Sweating through training camp, studying playbooks, pounding through practices, and then taking the weekly beatings that are part of life in the National Football League -- all this so that one day you can own a Super Bowl ring.
Or you can just go to eBay.
That's the game plan for some less-than-athletic types who are expected to bid for two Steelers Super Bowl rings going on the Internet auction block Monday.
Right now, the two rings -- given in the mid-1970s to a Steelers front-office employee after wins in Super Bowls IX and X -- are in a safe deposit box in a Mt. Lebanon bank. Part of a court-approved bankruptcy sale, they have been appraised at more than $10,000 each, according to Fred Fall, who has been appointed to oversee the liquidation.
"This ring is exactly as Joe Greene or Jack Ham's or any of the other players' rings," said Mr. Fall, of Fall Liquidation in Oakmont. "The only difference is that the name is different. It's a real, authentic Super Bowl ring."
The eBay listing will include each ring's size and weight and a detailed description. The name engraved on the side is that of the Steelers' employee who received them from the team.
"We didn't want to put the fellow's name in there because it's embarrassing," Mr. Fall said. "He's filed for bankruptcy, and he's lost the rings."
The rings are being auctioned separately.
The first one, commemorating the Steelers' Jan. 12, 1975, victory over the Minnesota Vikings, will be put up at 12:15 p.m. and taken down one week later. Manufactured by Jostens, it is made of 10-karat gold weighing 42.3 grams and has a single 1-carat modern-cut diamond. Listed in mint condition, it bears the words "Pittsburgh Steelers -- World Champions 1974" and the results of the team's three postseason games.
The auction for the other one, honoring the Steelers' Jan. 18, 1976, defeat of the Dallas Cowboys, begins at 12:45 p.m. and likewise ends a week later.
That ring, manufactured by Balfour, also is of 10K gold and weighs 36.7 grams. It has two half-carat diamonds, signifying the Steelers' second Super Bowl win, and an image of the Vince Lombardi Trophy awarded to the NFL champion. It's also in mint condition.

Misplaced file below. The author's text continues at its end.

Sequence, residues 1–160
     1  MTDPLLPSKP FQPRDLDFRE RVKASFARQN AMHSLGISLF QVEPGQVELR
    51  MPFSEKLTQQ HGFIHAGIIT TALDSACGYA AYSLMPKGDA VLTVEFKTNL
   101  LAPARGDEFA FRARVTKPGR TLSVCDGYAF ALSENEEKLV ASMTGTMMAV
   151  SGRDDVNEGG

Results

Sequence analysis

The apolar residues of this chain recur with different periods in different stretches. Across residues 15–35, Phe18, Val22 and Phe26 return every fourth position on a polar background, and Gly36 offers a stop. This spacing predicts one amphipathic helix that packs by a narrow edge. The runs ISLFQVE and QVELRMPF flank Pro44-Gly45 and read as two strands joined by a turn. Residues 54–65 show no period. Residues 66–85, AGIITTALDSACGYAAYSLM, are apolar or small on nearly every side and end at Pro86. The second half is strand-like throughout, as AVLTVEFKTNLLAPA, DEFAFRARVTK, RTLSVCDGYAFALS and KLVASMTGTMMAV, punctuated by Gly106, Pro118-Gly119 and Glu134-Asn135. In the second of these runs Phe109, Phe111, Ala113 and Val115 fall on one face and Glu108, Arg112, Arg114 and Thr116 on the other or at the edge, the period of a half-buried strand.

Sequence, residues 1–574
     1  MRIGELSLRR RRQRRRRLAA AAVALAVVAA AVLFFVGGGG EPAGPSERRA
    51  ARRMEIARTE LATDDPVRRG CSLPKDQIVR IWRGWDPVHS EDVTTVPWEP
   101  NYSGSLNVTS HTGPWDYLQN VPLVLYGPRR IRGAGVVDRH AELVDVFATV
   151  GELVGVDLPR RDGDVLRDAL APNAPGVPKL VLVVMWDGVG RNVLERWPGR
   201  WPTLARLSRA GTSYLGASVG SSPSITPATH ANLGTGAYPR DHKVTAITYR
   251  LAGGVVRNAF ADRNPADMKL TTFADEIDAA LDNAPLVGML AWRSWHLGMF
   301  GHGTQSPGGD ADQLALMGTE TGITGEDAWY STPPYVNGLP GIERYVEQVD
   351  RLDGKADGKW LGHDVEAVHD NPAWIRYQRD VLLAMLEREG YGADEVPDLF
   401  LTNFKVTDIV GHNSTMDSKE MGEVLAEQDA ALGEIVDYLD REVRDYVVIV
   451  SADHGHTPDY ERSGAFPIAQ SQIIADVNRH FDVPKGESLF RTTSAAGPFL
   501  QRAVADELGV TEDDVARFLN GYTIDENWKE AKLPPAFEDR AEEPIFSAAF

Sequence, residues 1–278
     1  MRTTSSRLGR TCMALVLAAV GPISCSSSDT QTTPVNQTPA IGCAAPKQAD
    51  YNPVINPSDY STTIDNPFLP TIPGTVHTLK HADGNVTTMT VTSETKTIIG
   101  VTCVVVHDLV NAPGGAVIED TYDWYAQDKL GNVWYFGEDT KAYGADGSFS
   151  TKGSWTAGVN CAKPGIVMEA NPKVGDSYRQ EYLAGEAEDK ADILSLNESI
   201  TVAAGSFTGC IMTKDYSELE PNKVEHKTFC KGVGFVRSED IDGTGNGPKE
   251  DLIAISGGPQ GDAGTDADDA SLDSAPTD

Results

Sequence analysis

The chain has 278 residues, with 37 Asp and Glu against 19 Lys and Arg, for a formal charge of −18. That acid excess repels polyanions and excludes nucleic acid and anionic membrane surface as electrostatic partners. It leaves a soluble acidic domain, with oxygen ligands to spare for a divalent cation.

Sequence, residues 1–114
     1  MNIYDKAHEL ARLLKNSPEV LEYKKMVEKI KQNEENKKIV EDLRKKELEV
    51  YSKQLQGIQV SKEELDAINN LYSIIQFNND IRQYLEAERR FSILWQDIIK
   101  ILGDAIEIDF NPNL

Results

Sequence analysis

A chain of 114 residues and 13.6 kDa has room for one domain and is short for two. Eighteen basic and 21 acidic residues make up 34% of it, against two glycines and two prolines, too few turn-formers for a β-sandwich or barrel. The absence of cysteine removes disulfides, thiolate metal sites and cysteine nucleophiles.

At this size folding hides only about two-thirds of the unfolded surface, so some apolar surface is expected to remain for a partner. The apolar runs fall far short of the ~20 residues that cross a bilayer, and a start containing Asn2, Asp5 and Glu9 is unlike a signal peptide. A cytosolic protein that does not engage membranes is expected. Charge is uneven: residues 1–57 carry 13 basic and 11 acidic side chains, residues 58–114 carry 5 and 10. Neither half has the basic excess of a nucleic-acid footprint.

"The successful bidders would pay certified funds to the trustee and get the rings," Mr. Fall said.
A minimum bid of $1,000 is listed for each ring, and there is an unpublished reserve.
"It is something," said Mr. Fall, 55, a lifelong Steelers fan who had the rings photographed for sale on eBay. "I have to say, it was the first time I've handled an authentic championship ring of any kind."
Mr. Fall said the NFL and the Steelers have no prohibition against selling the rings. Once given to the player, coach or team employee, the ring becomes the property of the recipient.
This isn't the first time that Super Bowl rings have been sold. In 2000, for example, Lester Hayes, the former All-Pro cornerback of the Los Angeles Raiders, pawned his Super Bowl XVIII ring for $800. Before he could buy it back, the pawnshop put the ring up for auction on eBay, and within 24 hours the bidding was up to $11,000. That ring eventually went to an anonymous bidder for $18,200.
"But I don't think that eBay has seen many of these," Mr. Fall said. "There just aren't that many out there that are available."
A number of variables, naturally, will come into play with the sale.
"The rings are probably less valuable because it's a front office personnel rather than a player," Mr. Fall said.
Still, he anticipates a successful sale.
"There are Steelers fans all over the world. I think this is a very good way of getting the rings out there," he said. "And sports collectibles bring crazy money, because people like to own pieces of history, and this is a piece of history."
Dan Majors can be reached at firstname.lastname@example.org or 412-263-1456.